How To Choose A Battery Charger

By | March 27, 2018

Trying to charge multiple batteries simultaneously with an individual phone chrgr, allows you to apply all the benefits associated with a modern Nitecore Q2 charger maintainer to each battery based on the own needs. This is likely to prolong the life of each battery and save you money in the long term.
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Today’s onboard multiple-bank chargers are smart chargers with built-in microprocessors to control their multi-phase charging and maintenance processes and may also include desulfation and recover functions. They can deliver better electric battery performance and longer life. They are also likely to allow you to maintain all of your batteries through the off-season unwatched automatically so that your boat is ready when you are in the Spring.

How much power do you need? The output you need from a multi-bank system is closely related to the application of each battery. Here’s a quick guide to amperage result for some applications:

u Low Output – (6 amps or below) A low output model may be applicable for maintenance use or any low amp hour battery application.

u Medium Output – (9 – 15 amps) The medium output model would be applicable for medium use or occasional use perhaps is without a doubt weekends for a trolling motor.

o High Output – (15 amps or above) The high output model would be used in high amp hour battery apps (150 Ah for example), or any situation where repeated rapid recharging is required.

Be aware when choosing the amperage output based on its description. Vendors and manufacturers usually post amperage in two ways. One way is to distribute the total amps by multiplying the output of each bank times the amount of banks. For example, they might publish the output as 40 Amps, but what they are really telling you is that the charger produces 10 Amps output for every bank. The other way and more useful is to publish the output each bank.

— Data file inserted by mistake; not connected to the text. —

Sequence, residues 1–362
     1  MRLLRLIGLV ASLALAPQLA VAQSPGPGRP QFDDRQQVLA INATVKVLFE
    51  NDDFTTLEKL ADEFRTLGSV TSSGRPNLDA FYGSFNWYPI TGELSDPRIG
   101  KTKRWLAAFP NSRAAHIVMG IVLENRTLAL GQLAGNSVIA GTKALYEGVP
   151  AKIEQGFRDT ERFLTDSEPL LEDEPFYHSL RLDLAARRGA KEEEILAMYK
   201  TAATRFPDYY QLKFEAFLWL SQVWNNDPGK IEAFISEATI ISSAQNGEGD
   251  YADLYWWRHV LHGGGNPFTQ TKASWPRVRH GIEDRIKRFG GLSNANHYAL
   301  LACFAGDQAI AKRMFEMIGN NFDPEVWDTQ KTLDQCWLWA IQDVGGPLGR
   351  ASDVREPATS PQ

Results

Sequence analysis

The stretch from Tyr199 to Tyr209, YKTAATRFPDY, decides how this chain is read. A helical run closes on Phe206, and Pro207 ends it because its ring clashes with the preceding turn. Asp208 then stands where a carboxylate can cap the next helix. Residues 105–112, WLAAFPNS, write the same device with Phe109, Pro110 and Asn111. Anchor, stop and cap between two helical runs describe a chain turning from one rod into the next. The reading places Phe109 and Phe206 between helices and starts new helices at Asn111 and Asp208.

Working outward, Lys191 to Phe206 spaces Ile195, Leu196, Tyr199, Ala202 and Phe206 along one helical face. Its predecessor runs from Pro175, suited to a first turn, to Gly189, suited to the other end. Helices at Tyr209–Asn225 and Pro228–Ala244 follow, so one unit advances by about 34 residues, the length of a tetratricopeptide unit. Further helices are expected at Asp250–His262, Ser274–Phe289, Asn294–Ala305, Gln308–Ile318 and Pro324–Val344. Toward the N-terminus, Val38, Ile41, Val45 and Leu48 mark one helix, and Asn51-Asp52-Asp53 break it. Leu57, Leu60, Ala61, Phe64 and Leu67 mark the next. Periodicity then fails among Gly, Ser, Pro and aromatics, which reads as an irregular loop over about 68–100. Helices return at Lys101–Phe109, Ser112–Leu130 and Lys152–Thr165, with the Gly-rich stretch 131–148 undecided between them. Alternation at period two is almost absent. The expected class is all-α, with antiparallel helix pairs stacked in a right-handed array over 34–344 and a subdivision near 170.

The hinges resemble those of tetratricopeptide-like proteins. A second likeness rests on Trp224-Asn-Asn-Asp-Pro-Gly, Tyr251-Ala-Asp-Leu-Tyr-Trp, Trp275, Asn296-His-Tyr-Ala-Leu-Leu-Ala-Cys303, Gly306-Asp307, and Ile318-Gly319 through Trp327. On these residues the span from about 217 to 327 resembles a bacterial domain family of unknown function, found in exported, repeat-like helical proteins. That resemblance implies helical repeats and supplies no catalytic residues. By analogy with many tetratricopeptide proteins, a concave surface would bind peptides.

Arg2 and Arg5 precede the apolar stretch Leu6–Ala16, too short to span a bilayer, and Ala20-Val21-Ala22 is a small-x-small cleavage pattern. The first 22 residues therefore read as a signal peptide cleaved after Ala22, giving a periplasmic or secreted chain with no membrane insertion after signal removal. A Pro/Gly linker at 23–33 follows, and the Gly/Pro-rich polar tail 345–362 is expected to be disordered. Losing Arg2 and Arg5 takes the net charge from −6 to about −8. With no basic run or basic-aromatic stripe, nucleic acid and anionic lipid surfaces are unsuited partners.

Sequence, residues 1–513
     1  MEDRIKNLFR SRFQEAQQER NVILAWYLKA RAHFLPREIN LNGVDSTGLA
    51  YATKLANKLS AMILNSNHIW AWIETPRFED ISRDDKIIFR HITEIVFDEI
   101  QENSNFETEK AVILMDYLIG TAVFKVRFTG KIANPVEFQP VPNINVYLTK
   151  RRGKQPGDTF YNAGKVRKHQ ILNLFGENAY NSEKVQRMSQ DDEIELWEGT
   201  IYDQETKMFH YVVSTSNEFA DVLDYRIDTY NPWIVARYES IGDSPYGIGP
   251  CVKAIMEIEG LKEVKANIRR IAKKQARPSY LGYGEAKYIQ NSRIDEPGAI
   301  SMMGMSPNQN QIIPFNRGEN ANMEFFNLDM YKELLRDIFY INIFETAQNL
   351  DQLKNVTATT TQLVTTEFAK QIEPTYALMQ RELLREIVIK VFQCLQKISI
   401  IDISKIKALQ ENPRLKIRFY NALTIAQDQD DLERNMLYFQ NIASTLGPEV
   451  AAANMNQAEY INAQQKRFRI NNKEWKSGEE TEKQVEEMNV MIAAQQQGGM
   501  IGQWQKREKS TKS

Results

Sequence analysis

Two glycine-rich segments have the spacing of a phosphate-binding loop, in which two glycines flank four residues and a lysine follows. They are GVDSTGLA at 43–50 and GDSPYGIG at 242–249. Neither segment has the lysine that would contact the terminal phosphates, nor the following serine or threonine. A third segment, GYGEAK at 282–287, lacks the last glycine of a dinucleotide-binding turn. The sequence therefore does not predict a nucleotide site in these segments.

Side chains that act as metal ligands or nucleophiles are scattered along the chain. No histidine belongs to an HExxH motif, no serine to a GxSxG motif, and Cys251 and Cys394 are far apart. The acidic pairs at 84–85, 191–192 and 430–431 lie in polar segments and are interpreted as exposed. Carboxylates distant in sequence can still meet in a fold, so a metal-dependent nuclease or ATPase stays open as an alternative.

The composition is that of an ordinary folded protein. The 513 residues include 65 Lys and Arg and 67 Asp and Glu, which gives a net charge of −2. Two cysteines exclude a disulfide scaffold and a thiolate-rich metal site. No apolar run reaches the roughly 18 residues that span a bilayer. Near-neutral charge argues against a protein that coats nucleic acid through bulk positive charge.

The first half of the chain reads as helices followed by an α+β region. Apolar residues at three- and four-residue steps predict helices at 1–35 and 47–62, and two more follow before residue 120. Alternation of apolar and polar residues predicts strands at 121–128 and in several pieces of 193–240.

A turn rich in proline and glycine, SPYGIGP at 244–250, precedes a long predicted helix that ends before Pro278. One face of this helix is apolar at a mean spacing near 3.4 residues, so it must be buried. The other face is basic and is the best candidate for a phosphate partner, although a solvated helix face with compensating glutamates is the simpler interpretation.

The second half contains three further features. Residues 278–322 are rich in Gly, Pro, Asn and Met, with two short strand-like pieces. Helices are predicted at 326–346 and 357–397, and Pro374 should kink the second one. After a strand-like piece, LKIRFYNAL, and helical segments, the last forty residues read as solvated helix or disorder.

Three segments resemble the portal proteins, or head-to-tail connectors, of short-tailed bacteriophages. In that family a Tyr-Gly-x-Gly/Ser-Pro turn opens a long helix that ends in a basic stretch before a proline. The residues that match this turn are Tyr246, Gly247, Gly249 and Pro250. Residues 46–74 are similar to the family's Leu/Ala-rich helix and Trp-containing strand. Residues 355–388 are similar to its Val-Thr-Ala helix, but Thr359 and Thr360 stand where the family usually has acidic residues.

A common quick calculation to find out how much amperage output you need is to determine the amp-hour rating of each battery through adding them with each other. Then multiply that quantity by 10% to get the amperage needed. Regarding four 105 amp-hour electric batteries, you would need approximately 10% of 420 amp-hours or 42 amps or about 10 amps for each bank for a 4-bank battery-charger.

Most marine systems depend on 12V or 12-VOLT batteries. Make sure the onboard battery charging system you choose can manage your boat’s battery voltages.

Marine batteries serve various purposes on-board your motorboat starting from starting to providing electricity for all the primary systems. You are likely to face deep cycle, Solution Cel, or AGM battery packs in a marine environment.

Gel Cel batteries require a special charging profile that can easily be provided by models specifically designed to charge Gel cel batteries. Onboard battery rechargers that charge AGM or deep cycle batteries by yourself are not equipped effectively charge Gel Cel batteries. Make sure you choose a marine model that can handle all the battery types you have.

Most modern multi-bank onboard system have integrated microprocessors. These computers run clever programs to charge and maintain your batteries unattended without overcharging or damaging your batteries, charger or vessel systems.

Many include pre-installed safety features that protect against reverse polarity and can also monitor battery pack charging status, battery express, and adapt charger output to match the needs of each individual battery.